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Posts Tagged ‘As Pictured Below’

Yang soaks up the afternoon sun in anticipation of cooler fall weather.

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Clockwise, from top left: Valrhona Chocolate, Strawberry, Tres Leches and Carrot Cake.

Where does one kick off an Entirely Adequate 40th birthday?

The Doughnut Plant on the Lower East Side, of course.

The Valrhona Chocolate doughnut is part of my standard Doughnut Plant order now, and the carrot cake doughnut merits repeat business, even though it’s almost too rich for breakfast (alas, I persevere). The husband and I split the strawberry and chocolate treats (it’s always a good idea to order the store’s seasonal doughnut variety), and I left the Tres Leches, also a richer-than-rich indulgence, all for him.

Bonus: Doughnut Plant founder Mark Isreal sang “Happy Birthday” to me and delivered a Creme Brulee doughnut fresh from the kitchen after my husband spotted him and revealed my secret. This doughnut was better than the best creme brulee I’ve ever eaten; it was light, filled with the perfect amount of filling and mercifully small.

Forget breakfast in bed. I’d like all my future birthdays to feature a walk through Chinatown and a couple of choice Doughnut Plant treats. Owner singing optional.

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When I tell people that I’m traveling to New York City, they inevitably ask if I’m going to see a show. Apparently I’m supposed to hit up Broadway every time.

Instead of a list of must-see shows, however, I have a list of must-eat foods. Thanks to a reading habit that includes a lot of New York-centric publications (Serious Eats New York, the New Yorker, Time Out New York and the New York Times, among other random finds), I never get to check everything off the ever-expanding list. Also, there’s only so much food that the husband and I can eat in three to four days no matter how many subway stairs we climb.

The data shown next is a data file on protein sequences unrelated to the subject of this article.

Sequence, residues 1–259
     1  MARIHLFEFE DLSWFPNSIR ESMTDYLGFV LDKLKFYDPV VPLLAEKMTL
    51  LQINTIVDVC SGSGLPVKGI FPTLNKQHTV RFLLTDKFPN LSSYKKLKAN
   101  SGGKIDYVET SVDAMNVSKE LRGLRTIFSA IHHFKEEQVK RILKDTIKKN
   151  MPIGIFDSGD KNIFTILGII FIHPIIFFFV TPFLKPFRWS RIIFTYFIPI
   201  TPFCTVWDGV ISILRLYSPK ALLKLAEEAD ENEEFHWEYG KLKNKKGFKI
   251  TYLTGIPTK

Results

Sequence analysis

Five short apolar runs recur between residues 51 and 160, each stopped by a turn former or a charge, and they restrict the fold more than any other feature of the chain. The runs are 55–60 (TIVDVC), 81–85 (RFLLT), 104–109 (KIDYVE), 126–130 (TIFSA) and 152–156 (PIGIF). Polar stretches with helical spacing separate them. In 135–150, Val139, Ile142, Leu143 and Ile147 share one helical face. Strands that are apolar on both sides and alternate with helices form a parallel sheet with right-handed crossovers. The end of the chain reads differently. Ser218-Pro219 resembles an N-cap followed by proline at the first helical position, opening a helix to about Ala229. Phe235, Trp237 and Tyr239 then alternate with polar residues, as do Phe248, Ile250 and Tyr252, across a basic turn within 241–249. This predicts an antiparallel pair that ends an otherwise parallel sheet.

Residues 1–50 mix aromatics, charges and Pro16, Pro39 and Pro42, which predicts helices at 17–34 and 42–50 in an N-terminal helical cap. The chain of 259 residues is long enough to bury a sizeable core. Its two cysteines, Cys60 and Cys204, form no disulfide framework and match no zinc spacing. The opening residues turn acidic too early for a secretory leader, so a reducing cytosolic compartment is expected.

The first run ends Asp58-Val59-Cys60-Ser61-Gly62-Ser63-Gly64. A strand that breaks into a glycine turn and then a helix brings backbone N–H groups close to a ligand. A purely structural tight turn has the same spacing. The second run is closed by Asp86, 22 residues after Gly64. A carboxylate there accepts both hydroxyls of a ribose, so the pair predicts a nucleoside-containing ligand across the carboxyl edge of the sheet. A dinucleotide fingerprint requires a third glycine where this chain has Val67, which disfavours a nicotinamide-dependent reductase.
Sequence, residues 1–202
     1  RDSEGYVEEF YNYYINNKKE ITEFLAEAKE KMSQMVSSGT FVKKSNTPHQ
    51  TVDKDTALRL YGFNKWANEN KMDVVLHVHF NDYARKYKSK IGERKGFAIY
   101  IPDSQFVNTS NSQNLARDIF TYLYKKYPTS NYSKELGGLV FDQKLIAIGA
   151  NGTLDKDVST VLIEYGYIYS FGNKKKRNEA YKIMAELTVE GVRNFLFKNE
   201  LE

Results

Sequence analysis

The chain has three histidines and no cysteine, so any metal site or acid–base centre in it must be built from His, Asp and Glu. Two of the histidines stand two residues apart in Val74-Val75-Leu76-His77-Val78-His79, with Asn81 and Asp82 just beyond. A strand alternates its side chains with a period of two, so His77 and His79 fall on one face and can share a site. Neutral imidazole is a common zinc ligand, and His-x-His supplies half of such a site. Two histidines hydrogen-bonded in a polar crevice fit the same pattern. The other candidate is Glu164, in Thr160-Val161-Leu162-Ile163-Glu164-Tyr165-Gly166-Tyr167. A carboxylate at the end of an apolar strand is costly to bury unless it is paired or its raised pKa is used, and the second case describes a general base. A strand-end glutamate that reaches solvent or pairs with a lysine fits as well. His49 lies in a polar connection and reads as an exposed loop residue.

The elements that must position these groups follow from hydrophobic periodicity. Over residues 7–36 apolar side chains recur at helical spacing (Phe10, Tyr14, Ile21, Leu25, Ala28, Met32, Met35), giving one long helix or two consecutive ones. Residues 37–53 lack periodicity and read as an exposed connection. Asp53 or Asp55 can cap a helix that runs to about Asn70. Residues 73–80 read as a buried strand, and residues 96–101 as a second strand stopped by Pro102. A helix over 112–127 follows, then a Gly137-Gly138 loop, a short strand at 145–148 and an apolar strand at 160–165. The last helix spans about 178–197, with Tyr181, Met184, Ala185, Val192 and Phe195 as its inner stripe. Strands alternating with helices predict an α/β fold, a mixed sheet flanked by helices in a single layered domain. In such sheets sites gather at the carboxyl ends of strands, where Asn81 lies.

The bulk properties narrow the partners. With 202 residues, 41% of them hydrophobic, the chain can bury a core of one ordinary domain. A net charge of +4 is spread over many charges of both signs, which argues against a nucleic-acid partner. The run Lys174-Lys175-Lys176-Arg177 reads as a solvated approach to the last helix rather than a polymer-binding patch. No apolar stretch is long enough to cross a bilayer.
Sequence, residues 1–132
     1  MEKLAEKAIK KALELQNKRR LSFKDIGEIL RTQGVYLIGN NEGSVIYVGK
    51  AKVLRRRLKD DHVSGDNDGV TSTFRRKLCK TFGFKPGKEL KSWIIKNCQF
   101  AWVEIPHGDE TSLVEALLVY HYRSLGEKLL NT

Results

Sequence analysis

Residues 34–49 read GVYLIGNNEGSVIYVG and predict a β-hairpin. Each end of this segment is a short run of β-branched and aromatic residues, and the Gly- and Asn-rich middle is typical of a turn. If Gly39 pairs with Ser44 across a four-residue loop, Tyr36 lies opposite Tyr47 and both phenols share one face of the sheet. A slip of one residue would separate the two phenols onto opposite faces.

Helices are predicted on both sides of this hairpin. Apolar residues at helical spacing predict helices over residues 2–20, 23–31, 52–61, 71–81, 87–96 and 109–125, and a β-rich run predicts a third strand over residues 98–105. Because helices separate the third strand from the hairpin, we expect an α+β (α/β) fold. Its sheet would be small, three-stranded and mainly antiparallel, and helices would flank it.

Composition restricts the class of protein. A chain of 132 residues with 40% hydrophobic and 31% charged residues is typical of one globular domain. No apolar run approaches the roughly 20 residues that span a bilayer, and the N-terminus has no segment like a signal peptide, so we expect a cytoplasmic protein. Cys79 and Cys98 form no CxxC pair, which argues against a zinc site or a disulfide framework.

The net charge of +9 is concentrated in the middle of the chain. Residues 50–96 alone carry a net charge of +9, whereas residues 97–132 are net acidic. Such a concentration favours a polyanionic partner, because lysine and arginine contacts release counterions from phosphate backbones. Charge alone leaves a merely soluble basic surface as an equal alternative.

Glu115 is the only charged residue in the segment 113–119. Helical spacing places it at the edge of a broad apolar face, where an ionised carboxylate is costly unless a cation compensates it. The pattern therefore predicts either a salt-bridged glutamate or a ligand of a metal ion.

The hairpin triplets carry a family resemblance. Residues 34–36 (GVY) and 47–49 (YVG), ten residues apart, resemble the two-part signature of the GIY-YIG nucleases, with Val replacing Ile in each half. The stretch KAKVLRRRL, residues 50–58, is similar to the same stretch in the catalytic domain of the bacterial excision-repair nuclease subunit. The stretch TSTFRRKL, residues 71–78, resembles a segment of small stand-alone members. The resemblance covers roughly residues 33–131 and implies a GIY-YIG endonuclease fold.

On our latest trip, my great find was Melt Bakery, which makes┬ásome fabulous ice cream sandwiches. I stumbled on the Melt stand at the Hester Street Fair, an event that I suggested we attend because it was just a few blocks from our hotel and I knew that it featured at least one culinary treasure that I simply had to try. I just couldn’t remember which one.

After we each enjoyed a meatball slider from Mighty Balls, we split an Elvis from Melt — banana ice cream on peanut butter cookies. It was the freezer attendant’s favorite flavor, and the husband has a thing for peanut butter, so it was the obvious choice.

Delicious. The folks at Melt have somehow produced a cookie that doesn’t harden into a rocky, crumbly mess in the freezer, and their homemade ice cream isn’t the frozen-solid puck that it resembles.

Each bite — firm but not tough, creamy but not prone to quick melting — was a delicate combination of peanut butter and banana. Neither flavor overwhelmed the other, and it was just big enough for two people post-lunch. I think Elvis would approve of this treat, despite its blatant lack of bacon.

So, don’t weep for my lack of Broadway attendance. Instead, celebrate one more delicious delicacy checked off my list.

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My name, cast in lead on a Linotype machine, and a 100-year-old “S.”

I began taking a short class on running a letterpress at Green Pea Press at Lowe Mill the week before Advance Publications announced it would be cutting print publication of four daily newspapers — including the paper I subscribe to now and the one I worked at for 10 years — to three days a week.